The IT industry has a tendency to follow fads. We love our buzzwords and discovering new toys to play with. Some of these fads come and go, while others stick around. One that is certainly going to stick around is DevOps.
For those of you unfamiliar with DevOps it is a software development and delivery process that emphasises communication and collaboration between product management, software development, operations professionals and close alignment with business objectives. (Well, that’s what Wikipedia says anyway). In reality it means slightly different things to different organisations but the overruling principle is collaboration and teamwork. And if I learned anything from the Lego movie it’s that “everything is awesome, everything is cool when you’re part of a team!”
As I see it there are 3 pillars to DevOps – People, Processes and Tools. The people are, of course, Developers and Operations, the Processes generally relate to automated, repeatable processes and then finally the Tools required to make it all work.
While a lots of new ventures in the world of IT lean towards replacing people, when it comes to DevOps people are at the core. When you look at the definition you wouldn’t be wrong in thinking it’s a return to the good ole days of the IT ‘Jack of all trades’, but its more sophisticated and interesting than that. Collaboration and teamwork get mentioned a lot with DevOps but I believe it’s also about responsibility and ownership, both collective and individual. So don’t feel like being a specialist developer or database administrator is a negative in the world of DevOps. A better way of looking at it is, instead of being part of a group of specialist developers or DBAs, you are part of a cross-specialist group, consisting of traditional development and operations personnel, collectively taking ownership of a product/project.
Key to DevOps is Continuous Deployment – the fully automated release of software changes. By automating many stages of the software deployment process organisations hope to improve the velocity and veracity of their software releases. In other words – more releases of less buggy software. This in turn will mean “the business” realise the value of software enhancements quicker and have a reduced risk of software-related issues, ultimately making them more agile, flexible and competitive. Well, that’s the perfect world scenario anyway! And the reason why DevOps is here to stay is because that “perfect world” scenario does usually happen.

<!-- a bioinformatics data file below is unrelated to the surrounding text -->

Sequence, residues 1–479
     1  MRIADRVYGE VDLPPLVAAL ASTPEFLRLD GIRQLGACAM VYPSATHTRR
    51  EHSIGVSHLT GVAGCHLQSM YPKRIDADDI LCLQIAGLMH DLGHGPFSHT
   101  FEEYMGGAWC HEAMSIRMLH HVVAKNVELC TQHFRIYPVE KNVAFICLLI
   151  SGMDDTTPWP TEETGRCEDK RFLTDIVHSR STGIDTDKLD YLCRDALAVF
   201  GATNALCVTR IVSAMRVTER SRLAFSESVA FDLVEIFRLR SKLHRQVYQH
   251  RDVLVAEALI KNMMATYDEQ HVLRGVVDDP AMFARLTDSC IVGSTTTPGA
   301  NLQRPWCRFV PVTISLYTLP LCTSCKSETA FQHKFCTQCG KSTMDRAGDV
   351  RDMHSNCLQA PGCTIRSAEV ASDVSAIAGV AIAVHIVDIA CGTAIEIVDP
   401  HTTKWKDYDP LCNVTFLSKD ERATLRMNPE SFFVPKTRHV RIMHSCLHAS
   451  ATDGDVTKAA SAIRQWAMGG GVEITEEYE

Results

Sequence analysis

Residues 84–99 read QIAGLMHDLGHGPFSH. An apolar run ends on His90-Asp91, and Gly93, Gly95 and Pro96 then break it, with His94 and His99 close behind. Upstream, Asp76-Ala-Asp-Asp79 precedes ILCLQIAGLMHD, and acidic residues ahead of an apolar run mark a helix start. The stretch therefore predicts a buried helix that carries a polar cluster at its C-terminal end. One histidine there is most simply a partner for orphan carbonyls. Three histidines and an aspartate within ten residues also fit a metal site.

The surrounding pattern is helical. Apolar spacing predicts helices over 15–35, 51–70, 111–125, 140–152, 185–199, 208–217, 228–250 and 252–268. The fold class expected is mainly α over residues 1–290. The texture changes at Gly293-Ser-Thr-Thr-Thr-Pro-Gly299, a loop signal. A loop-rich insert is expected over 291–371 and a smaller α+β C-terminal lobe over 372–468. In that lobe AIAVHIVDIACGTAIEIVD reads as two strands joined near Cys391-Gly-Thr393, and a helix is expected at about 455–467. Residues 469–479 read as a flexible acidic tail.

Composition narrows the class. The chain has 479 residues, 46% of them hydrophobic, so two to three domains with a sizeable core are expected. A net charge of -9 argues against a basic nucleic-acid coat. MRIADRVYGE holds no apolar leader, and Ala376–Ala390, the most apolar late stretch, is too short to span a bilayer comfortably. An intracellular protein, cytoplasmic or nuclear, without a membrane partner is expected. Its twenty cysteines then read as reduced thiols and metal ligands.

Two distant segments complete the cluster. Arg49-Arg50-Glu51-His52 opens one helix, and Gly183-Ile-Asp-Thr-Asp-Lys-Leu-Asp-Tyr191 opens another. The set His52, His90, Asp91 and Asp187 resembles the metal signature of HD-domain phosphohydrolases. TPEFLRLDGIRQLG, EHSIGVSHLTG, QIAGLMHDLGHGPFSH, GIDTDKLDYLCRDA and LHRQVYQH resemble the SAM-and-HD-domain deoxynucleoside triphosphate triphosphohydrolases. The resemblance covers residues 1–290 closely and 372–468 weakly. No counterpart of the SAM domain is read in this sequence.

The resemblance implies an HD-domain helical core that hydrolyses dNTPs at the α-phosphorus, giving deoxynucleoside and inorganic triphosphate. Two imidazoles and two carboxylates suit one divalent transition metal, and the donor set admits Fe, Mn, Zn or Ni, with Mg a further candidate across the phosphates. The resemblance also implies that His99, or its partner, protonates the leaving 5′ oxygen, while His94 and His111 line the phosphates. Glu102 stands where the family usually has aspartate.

Tools can be Continuous Deployment orientated – for example, Version Control Software like Git or Subversion and CI servers, like Jenkins or Bamboo, are core to the Continuous Deployment story, as this is where the aforementioned automated processes take place. But there are many other tools that are not Continuous Deployment orientated but still critical to DevOps. These include your application & database IDE’s, your performance monitoring tools, your bug tracking system, etc., etc. So when it comes to tooling up, DevOps is not an off-the-shelf solution. There are a lot of independent tools used at different stages and for different purposes, and these need to be synced up.
Put simply – the database is the problem. This stateless pain in the backside has been largely ignored when it comes to Continuous Deployment. Traditionally it has just been too difficult to incorporate, especially if there is business logic stored in procedures and functions. As mentioned previously, key to Continuous Deployment is automated processes, and automating processes like schema & data compares, unit testing and code reviews of PL/SQL, while integrating with version control systems and CI servers, has not been possible.
Quest have just released the Toad DevOps Toolkit, the tool that bridges the aforementioned gaps that have traditionally made it difficult to bring database development into the DevOps realm. Now with the Toad for Oracle portfolio you can integrate your tools – the version control system, the database IDE and the CI server, while automating all processes, meaning DevOps teams can now fully include database development in their Continuous Deployment Lifecycle.
To learn more check out the Toad DevOps Toolkit @ www.quest.com/products/toad-devops-toolkit